On the other hand, no apologies are needed for a focus on practical magic. This subject is mainly about practical magic – the ability of the spiritual operator to Get Things Done. Work done for theurgy is related, in that theurgic success brings power for thaumaturgic success, but this kind of spirit-arte is about results. The work in this grimoire is, in many ways, perparation for more practical applications. It will allow the students to make the initial contacts and empowerments needed for successful spellwork.

In this guide I will present a simple yet complete method of entering into first a worship relationship with the spirits, and then a working relationship. This work is Pagan in nature - built on a mutual bond of sacrifice and blessings between mortals and the spirits. Those who have spent some years in basic pagan worship, keeping the seasons, honoring the deities, perhaps working with the Landwights and the dead, will be best prepared for this system. Pagans who have not made formal offerings to the spirits will find a great store of power to be had in the practice. The simple rites in the first section are sufficient to begin, though it would be best if they were given for some time before undertaking more formal approaches to the spirits.

I hope this system helps to move Pagan magic forward toward a more active engagement with the spirits, and I hope it allows individuals to gain a stronger personal power, that the Work of the Wise may be increased, for the good of all beings.

Concerning A Few Assumptions

It might be useful to list a few of the author’s theological and cosmological assumptions. I’ll do that here, because I intend to spend very little spce on them in the rest of the book, which is primarily a manual of practice with just enough theory to ground the student.

• Polytheism: The divine manifests in the worlds as an uncountable number of individuals. The mightiest of those, and those who enter into blessing relationships with mortals, are often called ‘the gods’. “The Gods are many.”

• Animism: That material existence is interfaced with a kind of informational alternate existence, in which specific objects exist as specific beings. “All things have spirits”

• Humanism: That the human spirit is a spark of the divine, and that individual humans can have individual spiritual authority and power. “The Power is there to be had.”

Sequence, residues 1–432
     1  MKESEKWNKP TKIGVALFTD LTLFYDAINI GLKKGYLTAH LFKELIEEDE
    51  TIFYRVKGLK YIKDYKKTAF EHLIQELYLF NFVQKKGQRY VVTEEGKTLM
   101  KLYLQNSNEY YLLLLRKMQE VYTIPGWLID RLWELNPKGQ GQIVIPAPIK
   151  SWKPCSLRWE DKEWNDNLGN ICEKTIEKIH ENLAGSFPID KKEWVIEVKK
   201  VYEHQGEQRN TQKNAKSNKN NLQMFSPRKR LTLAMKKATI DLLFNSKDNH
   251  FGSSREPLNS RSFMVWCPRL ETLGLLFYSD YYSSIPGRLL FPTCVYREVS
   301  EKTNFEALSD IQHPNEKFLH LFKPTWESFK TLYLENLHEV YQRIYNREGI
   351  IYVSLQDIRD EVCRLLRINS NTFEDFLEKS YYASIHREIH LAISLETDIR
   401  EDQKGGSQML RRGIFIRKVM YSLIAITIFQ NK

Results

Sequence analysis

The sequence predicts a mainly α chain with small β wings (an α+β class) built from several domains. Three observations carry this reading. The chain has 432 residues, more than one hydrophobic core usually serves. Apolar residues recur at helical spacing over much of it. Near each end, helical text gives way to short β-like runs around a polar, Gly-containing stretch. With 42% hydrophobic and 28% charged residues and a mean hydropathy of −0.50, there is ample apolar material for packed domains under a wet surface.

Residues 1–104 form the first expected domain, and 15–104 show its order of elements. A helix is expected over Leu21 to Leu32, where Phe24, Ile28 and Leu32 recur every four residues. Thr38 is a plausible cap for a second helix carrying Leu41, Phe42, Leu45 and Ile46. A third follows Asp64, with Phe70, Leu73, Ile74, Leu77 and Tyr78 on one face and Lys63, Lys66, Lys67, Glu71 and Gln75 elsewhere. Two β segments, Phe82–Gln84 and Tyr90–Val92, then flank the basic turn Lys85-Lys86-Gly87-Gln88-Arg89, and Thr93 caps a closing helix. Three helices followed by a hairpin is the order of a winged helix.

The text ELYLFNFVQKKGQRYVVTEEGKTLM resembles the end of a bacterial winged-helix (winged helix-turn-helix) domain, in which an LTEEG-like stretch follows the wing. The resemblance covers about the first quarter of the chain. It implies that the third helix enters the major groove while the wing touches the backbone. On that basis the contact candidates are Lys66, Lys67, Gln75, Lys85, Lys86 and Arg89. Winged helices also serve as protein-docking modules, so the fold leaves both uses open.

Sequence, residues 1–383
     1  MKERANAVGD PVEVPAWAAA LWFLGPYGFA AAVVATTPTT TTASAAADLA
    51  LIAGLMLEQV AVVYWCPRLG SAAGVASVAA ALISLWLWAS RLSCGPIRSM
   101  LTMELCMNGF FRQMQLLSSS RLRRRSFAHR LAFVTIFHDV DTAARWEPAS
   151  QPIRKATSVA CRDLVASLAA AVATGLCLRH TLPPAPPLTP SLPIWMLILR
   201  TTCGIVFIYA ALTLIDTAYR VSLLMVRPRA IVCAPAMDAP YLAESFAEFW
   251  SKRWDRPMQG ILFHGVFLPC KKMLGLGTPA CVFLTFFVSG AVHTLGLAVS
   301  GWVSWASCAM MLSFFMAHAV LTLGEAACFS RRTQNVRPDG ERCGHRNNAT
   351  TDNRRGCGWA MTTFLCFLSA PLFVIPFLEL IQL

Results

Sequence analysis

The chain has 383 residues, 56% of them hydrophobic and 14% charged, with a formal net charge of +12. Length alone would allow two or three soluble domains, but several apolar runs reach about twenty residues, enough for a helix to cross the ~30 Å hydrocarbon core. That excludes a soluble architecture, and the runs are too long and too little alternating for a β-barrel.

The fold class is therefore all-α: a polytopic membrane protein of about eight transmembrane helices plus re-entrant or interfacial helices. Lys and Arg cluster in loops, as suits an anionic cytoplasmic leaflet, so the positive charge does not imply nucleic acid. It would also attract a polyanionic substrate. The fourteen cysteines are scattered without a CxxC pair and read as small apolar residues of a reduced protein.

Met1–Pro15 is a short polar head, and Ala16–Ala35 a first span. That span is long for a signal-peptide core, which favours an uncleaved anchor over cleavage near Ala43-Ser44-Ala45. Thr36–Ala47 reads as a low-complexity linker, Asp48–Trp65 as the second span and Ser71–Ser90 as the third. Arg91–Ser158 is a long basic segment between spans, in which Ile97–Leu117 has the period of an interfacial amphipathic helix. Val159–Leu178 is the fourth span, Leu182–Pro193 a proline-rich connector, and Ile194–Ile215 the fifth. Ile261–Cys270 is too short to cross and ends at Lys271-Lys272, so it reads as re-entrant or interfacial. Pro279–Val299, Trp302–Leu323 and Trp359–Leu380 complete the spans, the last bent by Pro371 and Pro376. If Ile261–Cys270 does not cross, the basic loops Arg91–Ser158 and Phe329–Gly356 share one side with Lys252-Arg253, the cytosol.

• Cosmicism: This is an archaic approach, in which the concept of antagonism between dark and light, chaos and order is simply not a part of the world of mortals or spirits. In the archaic understanding, the war between primal Chaos and powers that establish the Order of the Worlds was concluded at the dawn of time. The Old Giants, Titans, Fohmoire,etc are a part of the World Order now, sometime allies, sometime lovers, sometimes opponents of the Gods, but all within the Cosmos. “The World is Good”

Thus, in the mythic setting of this system of magic, there are no Archons. We do not live in a prison of matter and form, but rather in the true and holy garden of the worlds, taking our place in the Great Dance as the wheels turn. While conflict is a natural part of living in a system with no Supreme Being, those with strength and wit can make the manifest world their delight and their academy.

If I were to define any ‘mystical’ goal connected with this work, it might be to expand mortal awareness to comprehend and indwell the Cosmos itself. From such a position the Magician is empowered to deal with any spirit.

This set of axioms produces a spirit-arte that is characterized by several things:
1:Personal Authority: The magician has power in the work because of both her intrinsic divine nature as a spirit in flesh, and because of the magical efforts made in training and preparation. We stand before the spirits not just as agents of a higher power, and not as mere supplicants, but as beings with authority, who can deal with the spirits directly.

2: Hierarchical Authority: The magician also equips himself with alliances among the spirits, including and especially an alliance with one or more of the Gods. The work in this book is placed under the names of the Mother of All and the Keeper of Gates, as we call them. If you bring your own alliances, you should include them in the rites given here. By keeping our roads of offering and blessing open we are able to act among the spirits with the protection and power of the god.

3: Reciprocity: Despite this emphasis on authority, the system is not based on ‘commanding’ the spirts, so much as on negotiation, and on mutuality. When we work with a spirit we make offering to it. This may be as simple as incense, or bread and oil on the fire, or hatever simple thing the spirit asks for the partnership. The choiceto accept the mutual pact is on both parties - the magician need acept no terms he cannot meet. Once made, simple observance keeps the spirit near and ready to aid the mage.

In this way we intend to offer a system that is aligned with modern ethics and with Pagan spirituality. We remove the remnants of dualism, step back past the mythographic wreckage of the early modern period, and reject the enslavement models of some Grimoire systems. We replace them with a human-friendly cosmos, many Gods to choose from, and an approach to the spirits based on respect and prudent alliance.

1 comment:

Anonymous said...

Well said and written, Ian.